Navel Ring With Synthetic Opal
Quotes from Piercing FAQ
An elemental metal, strong yet flexible; slightly heavier than 316L stainless. Niobium is non-reactive chemically; few people are sensitive to niobium. The wide array of colors achieved through anodizing (not dyeing), in which the jewelry is submerged in an electrolite solution. Anodizing forms an oxide layer on the jewelry. The color seen is light refracted through this layer; the thickness of the layer determines the particular color produced. The voltage applied during anodizing determines the thickness of the oxide layer and hence the resulting color. The anodized layer of oxide will eventually wear away; how long the process will take depends on how thick the oxide layer is and the amount of friction and wear on the jewelry. Some colors will start to fade within 6 months.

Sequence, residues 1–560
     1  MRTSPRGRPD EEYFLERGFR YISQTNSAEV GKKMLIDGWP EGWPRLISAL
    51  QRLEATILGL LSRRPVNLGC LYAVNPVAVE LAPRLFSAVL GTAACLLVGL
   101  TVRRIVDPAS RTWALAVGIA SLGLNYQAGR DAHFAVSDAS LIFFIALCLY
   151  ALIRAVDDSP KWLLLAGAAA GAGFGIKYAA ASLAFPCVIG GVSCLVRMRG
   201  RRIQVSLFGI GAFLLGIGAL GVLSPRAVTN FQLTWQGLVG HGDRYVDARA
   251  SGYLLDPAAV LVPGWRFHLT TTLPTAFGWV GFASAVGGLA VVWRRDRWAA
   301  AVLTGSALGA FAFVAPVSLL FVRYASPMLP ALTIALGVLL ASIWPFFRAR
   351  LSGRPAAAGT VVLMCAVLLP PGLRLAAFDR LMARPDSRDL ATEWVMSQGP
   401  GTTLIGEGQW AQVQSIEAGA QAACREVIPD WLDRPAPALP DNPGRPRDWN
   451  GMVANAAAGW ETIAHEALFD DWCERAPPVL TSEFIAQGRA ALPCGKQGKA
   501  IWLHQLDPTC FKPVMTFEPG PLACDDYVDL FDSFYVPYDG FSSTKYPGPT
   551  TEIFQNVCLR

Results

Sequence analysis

Matte black is achieved by heating the niobium until it is red-hot and cooling it. After blackening, the jewelry can be polished to a certain degree. Black niobium will not fade; rather, it will deepen and grow smoother with age and wear.
Niobium jewelry is available in matte (“satin”) or high-polish (“mirror”) finishes. Very rough-finished niobium should not be used for fresh/unhealed piecings, as the pores present in the matte finish can trap bacteria as well as retain polishing-compound residue which can be toxic. The rough finish will also have a tendency to “stick” to new piercings via dried discharge, which can cause the newly-formed tissue to rupture, extending healing time.
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